Twitter killed Mrinal Sen, the noted Bengali filmmaker. Sen who pioneered the alternative cinema movement in India, and a winner of four National Film Awards, has been declared dead by a hoax circulating in Twitter. Sen’s family quashed all rumours by announcing that the filmmaker is doing fine. God bless his soul!
The piece of lie was floating all over Twitter and even an intelligent man like author Amitav Ghosh has fallen prey to it. That Ghosh, one of my favourite Indian writers since college days, could fall for this hoax, saddens me. But that is power of internet hoaxes. It takes us unaware, playing with the fear or insecurities of our mind so often.
Some time ago, a bloodied image of a man was doing the rounds, saying it was popular Yo Yo Honey Singh, who was killed in an accident. Thankfully, Yo Yo slayed the hoax of his death by tweeting that he was fine.
This week seems to belong to hoaxes. News of Prime Minister Narendra Modi being declared the best PM started circulating on WhatsApp; people on FB were busy copy-pasting a boring paragraph about not giving Facebook the right to use their pictures and posts. It was so rampant that Mark Zuckerberg had to come out with a notification to declare that it was a hoax. And then Mrinal Dey’s death.
I had a hearty laugh when some clever chap posted an antithesis of the FB hoax: “I HEREBY GIVE PERMISSION to all my friends, to the Police, the FBI, SWAT and even the CIA, RAW, ISI, MCI, the Swiss Guards, James bond, Chuck Norris, S.H.I.E.L.D, The Avengers, etc to view all the amazing and interesting things that I publish on Facebook.”
Yeah, this is what I mean. Can’t people just judge between a hoax and a real piece of information? The general perception is that some people way past their 50s, who are still struggling to learn a little bit of technology from their children, fall prey to these kinds of falsities. My father, who’s nearing 60, is still not comfortable SMSing, leave alone looking at WhatsApp. I agree people like my father can call a prey to such misinformation.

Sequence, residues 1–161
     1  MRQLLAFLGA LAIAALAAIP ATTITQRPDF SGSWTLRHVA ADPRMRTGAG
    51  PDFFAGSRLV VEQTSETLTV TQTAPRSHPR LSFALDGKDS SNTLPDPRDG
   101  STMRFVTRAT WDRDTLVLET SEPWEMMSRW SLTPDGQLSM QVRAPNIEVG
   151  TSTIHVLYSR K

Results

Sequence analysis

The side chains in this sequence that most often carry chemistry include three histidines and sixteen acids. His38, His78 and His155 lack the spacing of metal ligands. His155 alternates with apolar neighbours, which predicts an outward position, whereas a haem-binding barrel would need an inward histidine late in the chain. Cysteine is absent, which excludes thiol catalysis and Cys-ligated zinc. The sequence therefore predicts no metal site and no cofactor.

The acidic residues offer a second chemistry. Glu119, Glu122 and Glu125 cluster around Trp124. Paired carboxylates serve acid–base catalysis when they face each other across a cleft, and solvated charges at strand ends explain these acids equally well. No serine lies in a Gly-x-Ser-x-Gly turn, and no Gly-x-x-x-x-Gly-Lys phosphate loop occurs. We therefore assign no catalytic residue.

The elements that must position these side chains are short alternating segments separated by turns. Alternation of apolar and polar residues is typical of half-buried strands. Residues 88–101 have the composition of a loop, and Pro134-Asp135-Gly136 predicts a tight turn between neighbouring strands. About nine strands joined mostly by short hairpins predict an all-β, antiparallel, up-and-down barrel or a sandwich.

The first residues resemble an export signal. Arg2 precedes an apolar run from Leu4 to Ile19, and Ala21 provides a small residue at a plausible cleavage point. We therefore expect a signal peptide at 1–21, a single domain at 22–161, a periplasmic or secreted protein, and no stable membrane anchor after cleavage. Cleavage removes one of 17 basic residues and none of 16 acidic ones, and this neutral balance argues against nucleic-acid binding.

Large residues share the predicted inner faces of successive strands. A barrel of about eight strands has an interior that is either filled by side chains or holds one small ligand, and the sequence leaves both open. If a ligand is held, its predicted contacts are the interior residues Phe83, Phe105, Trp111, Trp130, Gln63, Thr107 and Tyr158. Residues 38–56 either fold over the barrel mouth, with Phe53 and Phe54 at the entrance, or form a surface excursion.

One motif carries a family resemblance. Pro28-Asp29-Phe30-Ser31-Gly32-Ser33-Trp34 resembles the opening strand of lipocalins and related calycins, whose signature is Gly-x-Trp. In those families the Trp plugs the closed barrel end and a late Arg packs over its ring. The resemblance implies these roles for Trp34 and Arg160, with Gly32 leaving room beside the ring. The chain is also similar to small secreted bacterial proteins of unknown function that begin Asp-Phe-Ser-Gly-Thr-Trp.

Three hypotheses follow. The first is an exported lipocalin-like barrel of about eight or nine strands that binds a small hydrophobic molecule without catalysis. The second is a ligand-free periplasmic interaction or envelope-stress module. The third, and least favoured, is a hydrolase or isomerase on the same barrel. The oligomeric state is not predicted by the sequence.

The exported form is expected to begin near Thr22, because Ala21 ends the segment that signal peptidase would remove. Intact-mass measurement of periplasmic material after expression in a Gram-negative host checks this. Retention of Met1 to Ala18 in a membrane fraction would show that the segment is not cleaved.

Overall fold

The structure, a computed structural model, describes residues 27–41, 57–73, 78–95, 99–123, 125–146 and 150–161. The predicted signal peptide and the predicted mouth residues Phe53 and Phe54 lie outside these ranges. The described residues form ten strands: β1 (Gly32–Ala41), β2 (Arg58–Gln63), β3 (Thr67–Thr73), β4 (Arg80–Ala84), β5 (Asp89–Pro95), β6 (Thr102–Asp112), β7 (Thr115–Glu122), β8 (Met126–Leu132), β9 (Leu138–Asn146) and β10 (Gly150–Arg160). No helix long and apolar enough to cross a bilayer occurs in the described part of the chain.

But what about the net-savvy Y generation? Most of the silly forwards that I receive are sent by people aged 25-35. Can’t they just verify the news before posting? After all it’s just a click away!
I yawned when on Friday, I received a WhatsApp message that Prime Minister Narendra Modi had been adjudged the best prime minister in the world by UNESCO yet again. Really?
When did the United Nations Educational, Scientific and Cultural Organisation (UNESCO) leave its scientific study, and started educating people with such mind-boggling surveys? If I remember well, UNESCO declared the same in 2014 and 2015 too.
International billiards player Pankaj Advani fell for the bluff and retweeted the message, only to be trolled. Advani was matured enough to get sporty and issue a correction, pointing out how a wrong tweet got him more attention than winning a world title.
That’s a good way to deal with mistake when the entire world knows that you goofed up!